It’s a really long book and took ten years to write but Clare Wright’s Stellar prize winning “The forgotten rebels of Eureka” plays a crucial role in ensuring that the role of women in Australia’s history is not forgotten. It’s remarkable to think that women have been so widely excluded from stories of history but Clare’s book helps us to see that not only were women present during the gold mining days in Ballarat, Victoria, but even more significantly they were actively involved in the community. Some of them were great characters, well known in the area and running establishments such as theatres and hotels. Others played a more private, though no less important, role in raising children and keeping house – or more accurately tents.
One could wonder why this book is now being written and why it has taken such a long time. One of the problems could be the invisibility of women, which no doubt continues today as women still tend to have a presence in the private sphere and don’t usually make it to the top echelon of our modern society. So in many ways women today are still not being written into history.
I recall being a student of women’s studies many years ago now and while being inspired by the challenges the course created, also found it alarming that we needed to have it as a separate curriculum at university and that there was so much to study – so much that was wrong with our world where women were left out, harmed or ignored. At the same time as Clare’s book is gaining recognition around the country we can still hear feminist activists such as Eva Cox remarking that many aspects of women’s lives are no better than they were four or five decades ago when we first started to think about women’s rights in Australia.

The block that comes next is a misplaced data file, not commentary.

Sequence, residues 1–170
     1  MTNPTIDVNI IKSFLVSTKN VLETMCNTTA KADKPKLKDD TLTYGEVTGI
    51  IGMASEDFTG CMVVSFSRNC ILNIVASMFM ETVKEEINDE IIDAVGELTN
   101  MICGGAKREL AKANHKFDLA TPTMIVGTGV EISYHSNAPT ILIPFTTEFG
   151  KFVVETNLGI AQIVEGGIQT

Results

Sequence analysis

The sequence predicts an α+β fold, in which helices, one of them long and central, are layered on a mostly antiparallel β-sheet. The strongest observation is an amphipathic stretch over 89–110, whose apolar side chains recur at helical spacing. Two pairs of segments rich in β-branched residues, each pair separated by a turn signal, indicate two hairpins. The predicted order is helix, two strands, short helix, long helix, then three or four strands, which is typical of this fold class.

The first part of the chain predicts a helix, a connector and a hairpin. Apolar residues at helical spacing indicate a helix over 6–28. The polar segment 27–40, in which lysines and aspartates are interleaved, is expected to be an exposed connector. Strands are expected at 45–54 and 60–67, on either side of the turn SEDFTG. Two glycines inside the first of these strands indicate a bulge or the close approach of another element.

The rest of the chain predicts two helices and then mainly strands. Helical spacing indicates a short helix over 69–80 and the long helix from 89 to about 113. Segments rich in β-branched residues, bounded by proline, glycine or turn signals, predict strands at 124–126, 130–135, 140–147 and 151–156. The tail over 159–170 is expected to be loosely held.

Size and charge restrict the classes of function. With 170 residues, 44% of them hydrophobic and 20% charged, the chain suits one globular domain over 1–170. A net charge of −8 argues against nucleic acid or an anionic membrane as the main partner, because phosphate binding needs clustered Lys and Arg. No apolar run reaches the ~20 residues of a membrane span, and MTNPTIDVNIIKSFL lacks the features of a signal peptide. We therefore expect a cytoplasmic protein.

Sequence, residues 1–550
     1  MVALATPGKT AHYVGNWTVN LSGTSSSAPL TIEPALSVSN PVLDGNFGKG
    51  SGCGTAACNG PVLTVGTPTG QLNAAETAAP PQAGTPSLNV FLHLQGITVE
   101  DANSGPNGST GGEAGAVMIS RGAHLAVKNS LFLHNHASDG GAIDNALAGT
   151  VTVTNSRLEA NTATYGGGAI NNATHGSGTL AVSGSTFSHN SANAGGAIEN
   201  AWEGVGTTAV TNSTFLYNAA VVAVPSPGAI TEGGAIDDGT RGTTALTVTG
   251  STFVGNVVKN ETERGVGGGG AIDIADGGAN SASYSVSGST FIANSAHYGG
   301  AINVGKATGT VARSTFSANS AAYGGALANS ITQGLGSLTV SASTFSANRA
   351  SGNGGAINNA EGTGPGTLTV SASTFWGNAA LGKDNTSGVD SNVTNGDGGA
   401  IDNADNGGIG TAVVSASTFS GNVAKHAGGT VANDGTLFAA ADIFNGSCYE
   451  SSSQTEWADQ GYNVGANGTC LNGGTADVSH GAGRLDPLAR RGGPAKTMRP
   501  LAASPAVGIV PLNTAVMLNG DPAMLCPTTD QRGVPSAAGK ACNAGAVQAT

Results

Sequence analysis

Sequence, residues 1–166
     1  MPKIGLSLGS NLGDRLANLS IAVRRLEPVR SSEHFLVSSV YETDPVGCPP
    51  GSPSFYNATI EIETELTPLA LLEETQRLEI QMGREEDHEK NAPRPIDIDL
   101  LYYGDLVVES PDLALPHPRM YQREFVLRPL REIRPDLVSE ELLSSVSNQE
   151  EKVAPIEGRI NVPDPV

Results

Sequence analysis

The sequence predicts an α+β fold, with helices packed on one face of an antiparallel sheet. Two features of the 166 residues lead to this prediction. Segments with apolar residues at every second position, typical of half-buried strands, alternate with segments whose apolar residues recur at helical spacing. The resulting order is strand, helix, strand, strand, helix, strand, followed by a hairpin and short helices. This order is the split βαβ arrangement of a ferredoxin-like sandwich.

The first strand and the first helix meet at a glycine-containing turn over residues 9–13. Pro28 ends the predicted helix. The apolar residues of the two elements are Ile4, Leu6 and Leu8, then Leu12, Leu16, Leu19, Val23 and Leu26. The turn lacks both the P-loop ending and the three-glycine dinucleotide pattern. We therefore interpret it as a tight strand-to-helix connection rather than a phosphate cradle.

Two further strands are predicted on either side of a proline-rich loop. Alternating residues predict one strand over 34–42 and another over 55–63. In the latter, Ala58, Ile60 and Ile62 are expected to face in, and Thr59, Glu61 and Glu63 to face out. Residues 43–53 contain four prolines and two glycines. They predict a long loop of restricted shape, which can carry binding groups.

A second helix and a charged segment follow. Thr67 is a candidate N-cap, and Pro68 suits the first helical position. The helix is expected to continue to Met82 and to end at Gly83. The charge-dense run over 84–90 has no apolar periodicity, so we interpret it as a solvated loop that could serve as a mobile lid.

As a mother of two daughters I feel powerless to change the world but I do believe that in my own way I have contributed to the world being a better place for them. They are both tertiary educated and aware of women’s and human rights, but still experience the prejudices of our modern society when it comes to the way they look and dress, the roles they play in society and in negotiating their relationships. We still have a long way to go but at least we are making some small inroads.